Wendy Bracewell (“The Limits of Europe in East European Travel Writing”) offers a very valuable synthesis concerning “the uses of ‘Europe’” (p. 66) in East European intellectual discourses. Two factors contribute to the peculiar set of concepts of Europe in (South) Eastern Europe: the “Turkish mirror” (p.81) provides a sense of one’s own Europeanness in the early modern period, and “encounters with modernity” (p. 95) set going the characteristic modernization discourse in the region that started with the Enlightenment. Irina V. Popovak-Nowak’s article on (“The Odyssey of National Discovery: Hungarians in Hungary and Abroad, 1750-1850”) deals with exactly this point, analyzing the writings of travelling Hungarian intellectuals such as the famous travels by István Széchenyi to England. Modernization discourse was not only in line with developing modern nationalism. “Europe” or “The West” also signified a new sense of progress and historicity in association with experiences of modernity, as “travels to the West [...] were travels to the future, and travels to the East [...] were travels to the past” (p. 211).
In this context, traveling in either direction meant to position one’s own country on the scale of “Europeanness” throughout the continent. Slav travelers “could set symbolic frontiers, locating the Slavs – or particular Slav peoples – with reference to East and West” (p. 159), as Bracewell states in her essay on “Travels through the Slav World.” Experiences of varying degrees of modernity by travels to Western Europe or the Orient were mirrored in travels within the Slav world, like that by the Polish prince Alexander Sapieha to Croatia, Dalmatia, Bosnia and Montenegro in the very beginning of the 19th century. Sapieha stresses the modernity of Poland, compared to the “simplicity and closeness to nature” (p. 153) of the inhabitants of the Balkan peninsula. But such statements strongly contradicted some central Slavophile topoi: being uncorrupted by modern progress was often remarked to be a sign of moral superiority, while widespread ideas about a different and unique Slavic character or “soul” implied sameness, not differentiation. Bracewell calls these two lenses through which the observations of the potential traveler were made “essentialist” and “developmental” (p. 184).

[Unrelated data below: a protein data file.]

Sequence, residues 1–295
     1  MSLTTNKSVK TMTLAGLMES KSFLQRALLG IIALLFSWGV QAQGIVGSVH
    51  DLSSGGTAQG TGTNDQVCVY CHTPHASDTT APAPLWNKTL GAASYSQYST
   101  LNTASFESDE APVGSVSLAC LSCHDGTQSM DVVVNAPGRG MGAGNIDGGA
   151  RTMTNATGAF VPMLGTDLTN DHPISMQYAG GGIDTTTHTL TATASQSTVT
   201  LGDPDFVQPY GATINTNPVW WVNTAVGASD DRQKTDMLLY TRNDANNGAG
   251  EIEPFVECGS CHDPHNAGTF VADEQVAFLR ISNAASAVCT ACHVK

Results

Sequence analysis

Zoran Milutinović’s article (“Oh to Be a European! What Rastko Petrović learnt in Africa”) on the travels of a Yugoslav diplomat in the 1920s is the only one whose topic transcends the geographical borders of the continent and it is the most striking example of reflection on European identity from an outsider perspective, or at least nearly so. That discoveries of “Europeanness” were also suited to initiate reflections on, and reformulation of national identities, becomes evident in Diana Georgescu’s contribution (“Excursions into National Specificity and European Identity: Mihail Sebastian’s Interwar Travel Reportage”). Katarzyna Murawska-Muthesius’ study on the Polish cartoonist Jan Lenica (“The Cold-War Traveller’s Gaze. Jan Lenica’s 1954 Sketchbook of London”) is another detailed example of how much “European experiences” by intellectual travelers can refer to nationalist and ideological constructions of identities as well as the problematic interaction of the two.
Under Eastern Eyes can be recommended not only to readers interested in matters of Eastern European collective identities, since the studies it contains are also stimulating texts illustrating different methodological ways to combine diverse levels of research and interpretation within the wider field of intellectual history.